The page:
support the party nominees from the least
to the greatest. But there Is the rub. They
are afraid to deelare themselves for Dahl
man, their candidate for governor, for fear
of loing votes among the antl-Dahlman
crowd. Upon the ether hand, should they
declare themselves against Dahlman they
fear that hi exporters will not support
them. In fact, there docs not seem to be
any excuse for a democratic candidate In
Alma Record: The Record does not ap
prove of the methods of a few gtod peo
ple who brand as boozers, bums and brew
ryhlfellngs every voter who does not
espouse prohibition or county option, for
th reason that we believe every man has
a right to his opinion without being called
a big hard name. Such methods if con
tinued will create a big silent vote In
favor of th opposing candidate. The Rec
ord favors th election of Aldrlch because
h reprnt republican ideas In govern
ment and th county option question Is
merely a local lasu that will be settled
by th people in the senatorial and rep
resentative districts. As usual, the demo
cratio ticket is th corporation ticket, while
the republican ticket la free from any
Hastings Republican (dem.): A certain
bartender well known in Hasting says
h will not vote for Dahlman. He gave
th reason for this deolslon that In his
opinion the election of the Omaha mayor
would precipitate a campaign for state
wide prohibition and that In his estimation
It would be safer for every saloonkeeper
In Nebraska to take chances on Aldrlch
and county option rather than to lect
Dahlman with all his radicalism on the
liquor question. This bartender la also a
democrat and he thinks the only sane
course for the democratic party In Ne
braska Is to turn Dahlman own and the
member of the party make a strenuous
effort to elect the congressmen and turn
their votes on governor to Aldrlch. His
logic is that a defeat of the party on gov
ernor would In the long run prove a vic
tory for th party, for It Is his belief that
If Dahlman Is elected the party would be
put out of commission In this state for
years to com. We give thea facta as
presented by this bartender to show the
variety of opinions on the gubernatorial
Silas (reading morning paper) I see,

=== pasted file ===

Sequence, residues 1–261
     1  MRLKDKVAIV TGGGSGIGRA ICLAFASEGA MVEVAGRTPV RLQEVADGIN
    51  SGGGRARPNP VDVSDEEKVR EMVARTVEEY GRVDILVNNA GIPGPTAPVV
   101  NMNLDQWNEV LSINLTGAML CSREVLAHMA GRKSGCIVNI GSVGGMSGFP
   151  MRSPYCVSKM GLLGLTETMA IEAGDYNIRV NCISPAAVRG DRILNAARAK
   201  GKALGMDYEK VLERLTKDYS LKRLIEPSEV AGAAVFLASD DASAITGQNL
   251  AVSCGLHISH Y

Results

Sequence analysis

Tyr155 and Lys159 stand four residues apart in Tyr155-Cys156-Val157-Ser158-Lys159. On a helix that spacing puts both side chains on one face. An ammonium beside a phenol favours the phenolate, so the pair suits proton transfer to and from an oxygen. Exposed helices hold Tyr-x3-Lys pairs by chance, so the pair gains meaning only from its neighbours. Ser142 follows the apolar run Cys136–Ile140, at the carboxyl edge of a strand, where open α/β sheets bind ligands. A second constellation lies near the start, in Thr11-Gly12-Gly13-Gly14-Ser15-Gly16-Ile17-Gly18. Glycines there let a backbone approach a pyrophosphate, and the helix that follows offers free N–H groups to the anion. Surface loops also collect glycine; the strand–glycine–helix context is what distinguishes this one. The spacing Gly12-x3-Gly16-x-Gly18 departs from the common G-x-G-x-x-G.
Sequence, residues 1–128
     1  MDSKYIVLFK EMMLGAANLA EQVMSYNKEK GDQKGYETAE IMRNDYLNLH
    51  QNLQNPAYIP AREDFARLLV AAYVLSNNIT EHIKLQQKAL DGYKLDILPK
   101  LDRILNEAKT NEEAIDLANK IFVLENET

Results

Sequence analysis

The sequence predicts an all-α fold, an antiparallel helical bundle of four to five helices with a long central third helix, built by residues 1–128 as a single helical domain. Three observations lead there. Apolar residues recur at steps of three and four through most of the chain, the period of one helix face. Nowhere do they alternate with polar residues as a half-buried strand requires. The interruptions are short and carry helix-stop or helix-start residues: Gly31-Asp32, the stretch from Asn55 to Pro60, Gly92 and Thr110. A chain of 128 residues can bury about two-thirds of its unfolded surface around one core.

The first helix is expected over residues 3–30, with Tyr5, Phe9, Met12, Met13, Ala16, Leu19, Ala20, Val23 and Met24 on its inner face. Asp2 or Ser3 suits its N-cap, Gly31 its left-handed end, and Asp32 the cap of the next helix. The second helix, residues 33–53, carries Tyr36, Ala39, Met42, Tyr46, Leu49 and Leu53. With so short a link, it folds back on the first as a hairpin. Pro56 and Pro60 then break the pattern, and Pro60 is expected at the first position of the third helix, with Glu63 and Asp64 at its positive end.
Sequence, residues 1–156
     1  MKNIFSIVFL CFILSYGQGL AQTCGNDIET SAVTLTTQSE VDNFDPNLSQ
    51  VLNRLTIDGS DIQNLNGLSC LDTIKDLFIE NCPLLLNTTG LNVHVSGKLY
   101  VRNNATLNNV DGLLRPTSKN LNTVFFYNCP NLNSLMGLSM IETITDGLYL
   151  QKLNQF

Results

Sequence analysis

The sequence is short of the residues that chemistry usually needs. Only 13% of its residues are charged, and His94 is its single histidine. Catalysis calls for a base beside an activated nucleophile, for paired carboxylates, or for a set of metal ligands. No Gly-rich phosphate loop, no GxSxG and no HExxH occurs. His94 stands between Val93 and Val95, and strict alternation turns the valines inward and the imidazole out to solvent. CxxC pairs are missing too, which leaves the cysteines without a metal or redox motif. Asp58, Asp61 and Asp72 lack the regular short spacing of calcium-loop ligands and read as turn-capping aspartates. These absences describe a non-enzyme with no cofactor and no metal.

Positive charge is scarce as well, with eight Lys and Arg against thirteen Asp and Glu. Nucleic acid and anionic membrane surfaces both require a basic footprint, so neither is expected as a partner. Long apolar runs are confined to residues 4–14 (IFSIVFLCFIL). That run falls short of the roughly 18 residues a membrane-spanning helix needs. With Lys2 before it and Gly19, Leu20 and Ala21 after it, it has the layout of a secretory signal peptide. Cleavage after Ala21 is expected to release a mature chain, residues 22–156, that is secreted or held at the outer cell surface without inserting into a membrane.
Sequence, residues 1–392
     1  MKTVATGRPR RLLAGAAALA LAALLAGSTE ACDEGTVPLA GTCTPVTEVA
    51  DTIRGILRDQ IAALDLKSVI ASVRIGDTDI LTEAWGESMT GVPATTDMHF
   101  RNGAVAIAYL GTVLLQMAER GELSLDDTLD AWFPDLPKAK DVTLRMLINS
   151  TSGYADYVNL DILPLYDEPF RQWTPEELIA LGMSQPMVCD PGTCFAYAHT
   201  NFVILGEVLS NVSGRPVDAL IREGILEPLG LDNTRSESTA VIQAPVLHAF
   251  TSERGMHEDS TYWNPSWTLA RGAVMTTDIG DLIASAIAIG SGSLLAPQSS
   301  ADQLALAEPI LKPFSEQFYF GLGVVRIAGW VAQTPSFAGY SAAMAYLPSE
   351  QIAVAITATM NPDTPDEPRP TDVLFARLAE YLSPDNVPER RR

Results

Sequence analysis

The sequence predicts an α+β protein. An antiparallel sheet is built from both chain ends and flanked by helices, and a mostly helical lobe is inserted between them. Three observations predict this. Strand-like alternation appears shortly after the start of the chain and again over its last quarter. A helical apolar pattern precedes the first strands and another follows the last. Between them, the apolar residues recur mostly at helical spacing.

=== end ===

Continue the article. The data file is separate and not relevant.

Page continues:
Mandy. they're having another war of the
tongs down thar In Chinatown.
Mandy Land aakes! Yew'd think, with
all them Chinese laundries araound, that
flatlrona would be handier tilings tew fight
"Why don't your boy enter college?"
"He couldn't pans the examination."
"Lo they have to pas an examination?
I thought all a college boy needed was
some funny clothes "Pittsburg Post.
"You must try to get on without the
luxuries. Confine yourself to the neces
sities." "That's what I'm doing," replied Mr
Chugglns. "I'm cutting down on beef and
potatoes so as to meet the repair bill on
my automobile." Washington mar.
"The. man died eating watermelons,"
someone said to Brother Iilckey.
"Tea. sun." It said. "Providence some
times puts us in paradise befo' we gets ter
heaven." Atlanta Constitution.
"I don't wish to say anything disrespect
ful about that spaniel of yours," observed
XIWo, Sb tl
UARN MORE ABOUT STOVES AND fTANOCS
GET THE WHOLE STORY
Illustrate, descriptive books mailed free on opplirolion.
CHARTER OAK STOVE & RANGE CO.. ST.LOUIS.
the Grape arc
to the food.
The food is ,
the doctor: "but for a dog he Is th worst
busybody I ever saw."
"If you had ss many fleas as that doK
has," said the professor, "you'd be a busy
body, too." Chicago Tribune,
HotI Clerk (to rural guest oloatng front
entrance) Hey, there! What ar you try
Inn to do?
I'ncle PJben Don't git excited, young
feller! I text thought, seeing a how I
was prob'ly the last one In tonight, I'd do
the rlvht thin and lock the doors 'fore
going to bed! Puck.
City Nephew Now, Just look at this
anctt-rt statue, uncle. It represents a
Greek athlete throwing the discus.
I'ncle Hardapple By cracky! Bo there
were cats yowling 'In the alleys even in
them old days! ChlcaRO News.
TO AN AUTOMOBILE.
I have a humble longing that has nevar
A longing 1 have striven !n vain to bury
In my breast;
I want to take u ride once mora, when
daya are hot and muKjcy,
Behind a little JnKgtng horxe In some old
I oft am hurled along the road in some
one's t;.-e machine
At such a pace I cannot tell a brown field
from a grein.
I want to ambit on at peace, unheeding
what they Hi y,
And watch with Joy an ancient hore fllrk
ancient flies away.
I never see a landscape now thst Is not
In gale of wind and clouds of dust be
fore my goKgled eye;
The pensive sows sre galloping, the hens
ar squawking past;
If anything seem peaceful I know It will
not last. .
I have no great ambition and I don't de
sire to shine
As a heroine of ancient In th automobile
This my plebeian longing, without qulhbl
I want that shabby buggy and I want that